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Monday, August 12


Emma Yasui is a PhD candidate at the University of Toronto specializing in the Jomon Period of Japan.  She researches the daily food related activities of people from this era by looking at the starch and blood residues left on stone tools.  Currently she is in Japan collecting some preliminary samples for her dissertation.  While there, she will be sharing some of her experiences with us:

The Hakodate Morning Market (函館朝市) is not for those who dislike seafood.  As a major market in a northern Japanese harbor town, the asaichi is a demonstration of local produce and regional specialties.  It is easy to get lost in the maze of colourful vendors and restaurants, which is unsurprising considering the market is about four city blocks of melons, kelp, crabs, fish, and squid.  While the multitude of crabs are popular grocery and gift items, one of the best known offerings from Hakodate is called gagome kombu.  This variety of kelp is considered unique to the area, and has become a sought after health food in many countries.  In the mid-2000s, gagome cultivation boomed with the help of marine botanist Hajime Yasui (no relation), who found the seaweed had significant nutritional value and a potential anti-cancer agent.  But, if you are just visiting and do not want to stock up on kombu and sea creatures, there are also plenty of sushi, soba, and donburi shops open for breakfast.  The market is held every day from 5 am to noon.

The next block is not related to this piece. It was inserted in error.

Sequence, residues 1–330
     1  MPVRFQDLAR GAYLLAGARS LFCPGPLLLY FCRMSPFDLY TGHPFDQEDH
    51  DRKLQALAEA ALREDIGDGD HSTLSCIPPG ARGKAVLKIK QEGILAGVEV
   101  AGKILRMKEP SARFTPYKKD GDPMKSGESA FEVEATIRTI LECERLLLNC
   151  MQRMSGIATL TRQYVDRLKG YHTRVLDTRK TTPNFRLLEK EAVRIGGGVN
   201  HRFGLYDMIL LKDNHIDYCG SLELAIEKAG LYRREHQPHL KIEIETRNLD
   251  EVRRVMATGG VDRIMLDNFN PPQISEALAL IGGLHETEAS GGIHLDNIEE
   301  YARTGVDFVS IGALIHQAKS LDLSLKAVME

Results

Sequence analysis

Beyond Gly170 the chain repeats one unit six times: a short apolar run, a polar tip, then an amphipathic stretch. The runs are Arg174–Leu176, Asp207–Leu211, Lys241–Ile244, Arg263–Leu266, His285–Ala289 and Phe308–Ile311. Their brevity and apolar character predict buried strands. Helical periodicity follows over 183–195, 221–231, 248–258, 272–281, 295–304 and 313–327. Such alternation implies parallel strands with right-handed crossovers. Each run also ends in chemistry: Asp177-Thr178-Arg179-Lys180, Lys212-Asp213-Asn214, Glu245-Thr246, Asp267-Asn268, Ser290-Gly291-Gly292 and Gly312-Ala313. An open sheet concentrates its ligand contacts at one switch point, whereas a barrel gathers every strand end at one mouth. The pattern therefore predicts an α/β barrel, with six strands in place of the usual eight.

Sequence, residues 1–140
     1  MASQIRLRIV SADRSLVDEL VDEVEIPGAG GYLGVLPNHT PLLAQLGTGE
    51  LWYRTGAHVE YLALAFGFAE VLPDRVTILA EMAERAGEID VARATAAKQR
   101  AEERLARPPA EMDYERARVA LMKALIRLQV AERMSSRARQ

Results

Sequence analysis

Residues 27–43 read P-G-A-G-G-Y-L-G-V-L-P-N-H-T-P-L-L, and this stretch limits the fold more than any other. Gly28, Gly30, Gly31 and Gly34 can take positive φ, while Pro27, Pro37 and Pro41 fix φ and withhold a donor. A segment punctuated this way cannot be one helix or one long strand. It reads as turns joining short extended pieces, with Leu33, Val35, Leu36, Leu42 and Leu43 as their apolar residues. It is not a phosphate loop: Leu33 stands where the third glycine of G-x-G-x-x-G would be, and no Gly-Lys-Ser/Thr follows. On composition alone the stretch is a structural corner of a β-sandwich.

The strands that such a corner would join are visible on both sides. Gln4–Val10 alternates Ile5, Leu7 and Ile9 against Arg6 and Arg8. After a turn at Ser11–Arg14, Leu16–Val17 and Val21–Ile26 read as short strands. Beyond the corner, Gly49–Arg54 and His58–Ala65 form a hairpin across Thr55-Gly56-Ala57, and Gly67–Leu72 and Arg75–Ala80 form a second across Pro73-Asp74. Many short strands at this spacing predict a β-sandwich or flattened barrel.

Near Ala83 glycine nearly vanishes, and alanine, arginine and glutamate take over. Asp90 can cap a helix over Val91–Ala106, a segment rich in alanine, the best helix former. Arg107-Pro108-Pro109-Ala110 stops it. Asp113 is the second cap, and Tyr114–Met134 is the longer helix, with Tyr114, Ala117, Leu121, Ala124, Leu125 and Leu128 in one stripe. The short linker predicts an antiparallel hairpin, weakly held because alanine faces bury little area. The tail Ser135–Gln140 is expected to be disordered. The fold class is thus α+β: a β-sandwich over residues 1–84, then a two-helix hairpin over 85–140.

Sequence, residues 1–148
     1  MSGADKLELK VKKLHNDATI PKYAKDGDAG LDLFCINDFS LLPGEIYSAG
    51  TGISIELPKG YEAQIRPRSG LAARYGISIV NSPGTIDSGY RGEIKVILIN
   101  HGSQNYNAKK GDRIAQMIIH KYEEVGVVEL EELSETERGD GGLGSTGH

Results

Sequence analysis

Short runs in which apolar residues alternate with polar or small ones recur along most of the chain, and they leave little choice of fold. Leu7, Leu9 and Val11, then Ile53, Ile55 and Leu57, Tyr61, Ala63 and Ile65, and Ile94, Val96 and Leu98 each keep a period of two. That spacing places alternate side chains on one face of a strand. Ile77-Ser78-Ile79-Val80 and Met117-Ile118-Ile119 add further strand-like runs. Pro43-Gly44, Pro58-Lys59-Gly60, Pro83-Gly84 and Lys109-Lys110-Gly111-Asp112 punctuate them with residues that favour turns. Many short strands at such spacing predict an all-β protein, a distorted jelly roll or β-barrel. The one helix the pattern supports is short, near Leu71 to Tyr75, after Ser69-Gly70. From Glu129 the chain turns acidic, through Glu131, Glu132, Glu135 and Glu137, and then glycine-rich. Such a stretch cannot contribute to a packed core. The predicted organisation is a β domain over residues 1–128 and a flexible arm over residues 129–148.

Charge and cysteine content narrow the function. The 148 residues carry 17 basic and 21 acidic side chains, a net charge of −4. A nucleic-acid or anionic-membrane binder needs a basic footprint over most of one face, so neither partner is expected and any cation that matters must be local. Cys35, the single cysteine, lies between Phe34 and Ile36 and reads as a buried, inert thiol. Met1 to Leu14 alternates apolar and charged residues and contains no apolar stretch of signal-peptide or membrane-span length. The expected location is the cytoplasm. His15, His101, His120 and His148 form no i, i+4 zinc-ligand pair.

-Emma Yasui

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